Sunday, December 16, 2012

Industry Interview #1: Orvis Rod & Tackle


This is the first in five part series of interviews exploring the relationship between fly fishing for carp and the industry.  This interview features Tom Rosenbauer, Marketing Director for Orvis Rod & Tackle and was performed in question / answer format via email.   A summary of all the interviews with commentary is also available in the recent CarpPro Fly Fishing For Carp Special.

Tom Rosenbauer with a Lake Champlain Carp
Fly-Carpin:  Please tell us about any current participation in the fly fishing for carp sub-culture that you are excited about as an organization. Does Orvis have any products specifically designed for carp? Do you participate in or support any carp events or activities?  Have you had any interesting interactions with the community?
Tom Rosenbauer:  We are actually going to begin advertising in Carp Pro magazine in January.  We feel that although carp fishing will never become huge (they aren’t as pretty as trout and they are tough to catch), carp fishing will become more popular.

We sponsor the Carp tournament in Denver, we sponsor Conway Bowman’s Carp Throwdown in San Diego, and our company store in Portland, Oregon runs a Carp Tournament every year called Carpocalypse
Of course standard rods, reels, and leaders (9 foot fluorocarbon and most people add some length to them), sunglasses, etc work great for carp.  We also have a really good selection of carp-specific flies.
Fly-Carpin:  Does Orvis have any near-term plans to expand your reach in the carpin’ community that you would like to share?  New product releases, events, activities, etc.
Tom Rosenbauer:  We are still in the planning process on more carp-related events and marketing but I do know that the Portland store will run another Carpocalypse tournament next year and we plan to continue sponsoring the other two.
Fly-Carpin:  In a more general sense how does Orvis view the long-term future of fly fishing for carp and how does that future relate to you? Examples would include: Do you anticipate a growing market with changing demand for product and marketing strategies? Do you have any thoughts on what the relationship between the general industry and the community might change and grow?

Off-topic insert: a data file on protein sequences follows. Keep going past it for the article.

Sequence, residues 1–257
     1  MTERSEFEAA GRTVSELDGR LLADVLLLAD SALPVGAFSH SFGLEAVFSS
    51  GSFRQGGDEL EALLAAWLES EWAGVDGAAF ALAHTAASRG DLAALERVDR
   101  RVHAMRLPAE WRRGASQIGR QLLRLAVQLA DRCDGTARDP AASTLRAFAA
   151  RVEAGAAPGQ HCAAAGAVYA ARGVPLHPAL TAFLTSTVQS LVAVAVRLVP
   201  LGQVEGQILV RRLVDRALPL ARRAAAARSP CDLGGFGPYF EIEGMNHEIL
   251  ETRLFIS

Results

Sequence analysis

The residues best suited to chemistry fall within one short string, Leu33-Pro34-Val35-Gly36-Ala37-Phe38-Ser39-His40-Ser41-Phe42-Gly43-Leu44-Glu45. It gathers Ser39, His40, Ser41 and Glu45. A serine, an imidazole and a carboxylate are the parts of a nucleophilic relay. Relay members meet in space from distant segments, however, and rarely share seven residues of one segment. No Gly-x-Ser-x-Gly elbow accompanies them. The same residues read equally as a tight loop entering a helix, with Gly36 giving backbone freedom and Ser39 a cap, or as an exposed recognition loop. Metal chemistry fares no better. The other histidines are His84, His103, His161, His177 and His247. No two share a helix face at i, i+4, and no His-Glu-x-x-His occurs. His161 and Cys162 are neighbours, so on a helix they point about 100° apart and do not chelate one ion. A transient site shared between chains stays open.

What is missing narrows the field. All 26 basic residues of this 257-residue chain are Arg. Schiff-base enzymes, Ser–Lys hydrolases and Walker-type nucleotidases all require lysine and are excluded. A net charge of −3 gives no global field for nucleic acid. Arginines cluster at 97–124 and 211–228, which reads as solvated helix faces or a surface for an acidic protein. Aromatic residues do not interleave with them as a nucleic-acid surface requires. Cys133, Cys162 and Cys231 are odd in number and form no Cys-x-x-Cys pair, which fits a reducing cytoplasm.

Tom Rosenbauer:  There will be a changing market but I am not sure how much we need to change our product line to meet it.  But the fact that we are advertising in Carp Pro should let you know we’re serious about the market.  Will the conventional carp fishers cross over into fly fishing?  I am not sure of that.  For 30 years people have said fly fishing for bass will “explode” with all the conventional guys getting into it, but most bass fly rodders are people who fished in salt water or for trout with a fly rod and fish for bass in the warmer months of the year.  So I would not hold my breath for thousands of spin fishermen to grab a fly rod.
However I do think fly fishers who target steelhead, bonefish, and spring creek trout will treat carp fishing as a new challenge that they can do in the off season.  Carp are not a beginner’s fish.
Fly-Carpin:: I am also personally curious if any of your executive, marketing or product development staff has any experience with targeting carp on the fly.  If so can you tell us about it?